I have a dedicated MySQL 5.1 database server with 2 Intel Xeon 2GHz quad core processors and 10 Gb of Ram.

I use the MySQL Admin tool to perform full backups of my database, with a size of 12 Gb, but the process takes almost 4 hours to complete.

While analyzing the processor usage during the backup, only one core is being used by the MySQL Admin, which is a total waste considering I have another 7 cores sitting idle.

Is there a way to speed the backup process using the MySQL Admin Tool, or do you recommend another procedure to perform faster backups?

Edited: The server runs Windows 2008 x64 Enterprise Edition

  • I've never really used the MySQL admin tool for backups so I don't know if this is the best answer, but you could always try doing mysqldumps instead. – Ian Selby Jul 29 '09 at 19:58

Unless your entire dataset fits into memory, your biggest bottle neck for doing your dump is getting the data off the disk and back on to the disk in the dump file. Using more cores probably won't make that go any quicker.

I'd say that 4 hours for 12GB of data is slow. We do several times that in only a couple of hours. If you're using a unix, I suggest you do a dump using:

# mysqldump --opt database | gzip > /tmp/database.sql.gz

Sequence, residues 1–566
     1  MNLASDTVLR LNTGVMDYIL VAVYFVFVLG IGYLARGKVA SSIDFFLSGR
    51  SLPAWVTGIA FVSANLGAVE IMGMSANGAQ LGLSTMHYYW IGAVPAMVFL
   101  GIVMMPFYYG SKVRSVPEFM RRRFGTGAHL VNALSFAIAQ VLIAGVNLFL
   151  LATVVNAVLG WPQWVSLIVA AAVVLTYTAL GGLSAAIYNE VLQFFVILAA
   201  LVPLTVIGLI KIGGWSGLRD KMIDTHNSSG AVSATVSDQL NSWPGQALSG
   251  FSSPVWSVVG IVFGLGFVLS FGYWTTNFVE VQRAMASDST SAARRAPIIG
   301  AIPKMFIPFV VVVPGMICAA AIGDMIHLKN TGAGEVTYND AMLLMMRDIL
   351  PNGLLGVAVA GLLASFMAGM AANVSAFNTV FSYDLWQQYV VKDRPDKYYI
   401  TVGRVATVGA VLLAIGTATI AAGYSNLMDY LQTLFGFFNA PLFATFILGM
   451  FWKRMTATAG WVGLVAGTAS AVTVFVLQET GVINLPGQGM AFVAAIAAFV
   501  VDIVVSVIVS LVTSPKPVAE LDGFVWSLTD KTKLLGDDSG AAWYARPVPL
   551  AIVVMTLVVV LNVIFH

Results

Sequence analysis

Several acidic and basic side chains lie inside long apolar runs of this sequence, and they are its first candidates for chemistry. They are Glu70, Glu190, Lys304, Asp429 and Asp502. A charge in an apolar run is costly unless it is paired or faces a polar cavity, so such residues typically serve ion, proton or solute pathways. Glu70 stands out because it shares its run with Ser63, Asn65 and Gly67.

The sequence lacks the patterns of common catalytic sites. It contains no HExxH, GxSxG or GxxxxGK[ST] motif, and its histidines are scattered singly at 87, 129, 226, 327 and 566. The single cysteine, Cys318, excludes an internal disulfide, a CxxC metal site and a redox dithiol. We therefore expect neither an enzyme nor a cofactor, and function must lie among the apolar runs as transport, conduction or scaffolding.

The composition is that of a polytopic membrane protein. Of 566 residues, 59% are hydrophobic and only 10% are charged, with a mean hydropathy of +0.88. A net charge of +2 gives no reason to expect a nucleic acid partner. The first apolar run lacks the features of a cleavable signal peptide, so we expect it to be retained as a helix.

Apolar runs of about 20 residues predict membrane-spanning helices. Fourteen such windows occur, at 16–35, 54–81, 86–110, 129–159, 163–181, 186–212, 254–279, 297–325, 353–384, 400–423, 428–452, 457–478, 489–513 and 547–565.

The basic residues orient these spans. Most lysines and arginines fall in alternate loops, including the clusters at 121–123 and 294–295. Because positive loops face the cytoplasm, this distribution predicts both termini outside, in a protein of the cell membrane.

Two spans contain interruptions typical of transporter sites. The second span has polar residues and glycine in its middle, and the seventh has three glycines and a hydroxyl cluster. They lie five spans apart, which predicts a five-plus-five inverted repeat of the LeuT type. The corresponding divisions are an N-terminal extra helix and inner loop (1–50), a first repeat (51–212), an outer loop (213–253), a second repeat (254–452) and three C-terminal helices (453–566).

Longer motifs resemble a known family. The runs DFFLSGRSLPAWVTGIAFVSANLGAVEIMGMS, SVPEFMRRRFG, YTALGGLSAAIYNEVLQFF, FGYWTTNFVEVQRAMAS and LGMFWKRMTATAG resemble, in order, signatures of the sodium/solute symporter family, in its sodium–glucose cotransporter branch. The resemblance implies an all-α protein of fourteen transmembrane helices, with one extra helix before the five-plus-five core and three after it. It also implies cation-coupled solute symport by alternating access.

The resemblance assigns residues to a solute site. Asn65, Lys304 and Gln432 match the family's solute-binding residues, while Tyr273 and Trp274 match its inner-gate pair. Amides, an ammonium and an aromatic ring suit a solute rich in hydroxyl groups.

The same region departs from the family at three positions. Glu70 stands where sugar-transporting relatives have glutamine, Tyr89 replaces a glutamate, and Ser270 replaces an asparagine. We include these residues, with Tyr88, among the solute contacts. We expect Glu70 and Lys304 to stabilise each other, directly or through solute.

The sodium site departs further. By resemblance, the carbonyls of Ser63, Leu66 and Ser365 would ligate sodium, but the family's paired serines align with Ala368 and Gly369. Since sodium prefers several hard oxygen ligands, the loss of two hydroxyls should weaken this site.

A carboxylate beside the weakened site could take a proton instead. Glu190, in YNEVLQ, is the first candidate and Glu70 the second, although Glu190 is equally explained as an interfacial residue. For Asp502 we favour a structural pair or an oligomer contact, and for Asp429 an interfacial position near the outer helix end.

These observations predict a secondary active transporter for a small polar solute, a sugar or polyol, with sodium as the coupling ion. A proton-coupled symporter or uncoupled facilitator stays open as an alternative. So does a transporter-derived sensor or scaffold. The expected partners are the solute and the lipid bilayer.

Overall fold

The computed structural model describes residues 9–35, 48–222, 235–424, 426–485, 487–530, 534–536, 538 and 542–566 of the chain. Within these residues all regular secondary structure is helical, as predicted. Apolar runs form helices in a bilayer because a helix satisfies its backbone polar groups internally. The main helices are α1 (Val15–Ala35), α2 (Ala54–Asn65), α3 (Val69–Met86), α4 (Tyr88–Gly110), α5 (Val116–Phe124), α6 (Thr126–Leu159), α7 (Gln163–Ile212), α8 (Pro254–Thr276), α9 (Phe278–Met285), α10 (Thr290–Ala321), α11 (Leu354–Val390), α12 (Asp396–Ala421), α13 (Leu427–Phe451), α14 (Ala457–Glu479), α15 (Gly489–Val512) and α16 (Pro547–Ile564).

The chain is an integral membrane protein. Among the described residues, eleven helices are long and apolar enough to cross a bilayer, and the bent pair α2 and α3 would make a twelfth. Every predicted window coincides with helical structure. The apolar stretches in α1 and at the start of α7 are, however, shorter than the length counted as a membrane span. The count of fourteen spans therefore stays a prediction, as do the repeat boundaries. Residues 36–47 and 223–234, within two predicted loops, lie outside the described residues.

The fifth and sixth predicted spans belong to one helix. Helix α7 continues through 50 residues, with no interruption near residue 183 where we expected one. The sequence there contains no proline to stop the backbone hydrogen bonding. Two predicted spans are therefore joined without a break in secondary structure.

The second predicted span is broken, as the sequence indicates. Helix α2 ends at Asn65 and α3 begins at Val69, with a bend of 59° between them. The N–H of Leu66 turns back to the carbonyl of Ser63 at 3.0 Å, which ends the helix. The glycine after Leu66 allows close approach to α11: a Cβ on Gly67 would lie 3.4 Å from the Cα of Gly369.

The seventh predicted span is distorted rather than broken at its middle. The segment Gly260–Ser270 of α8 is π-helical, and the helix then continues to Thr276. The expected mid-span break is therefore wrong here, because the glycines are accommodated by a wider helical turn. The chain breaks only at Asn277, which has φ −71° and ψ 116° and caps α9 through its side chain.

First, "mysqldump --opt" gives you an SQL script which is the fastest method of importing data back into MySQL. Secondly, compressing the SQL script will reduce the IO required to save the dump, leaving more for doing the reading required for the dump. Thirdly, hopefully the compression will run on a second core, using more of your CPU.

  • I'm running Windows 2008 x64, is there an alternative way to compress the dump? – holiveira Jul 29 '09 at 21:30

Probably not. Backups generally abuse the disk I/O bus, so running more things in parallel is unlikely to improve total yield time.

You might try some parallel mysqldumps as Ian Selby suggests and compare the throughput.


Who is using one core - the mysql or the mysqladmin process? Is it a single database? I've got a script somewhere that does backups of each database in a separate file so it could be used to run more backups in parallel

  • The core is used by the MySQL Admin process, and yes, there's only one database in this server. – holiveira Jul 29 '09 at 20:11

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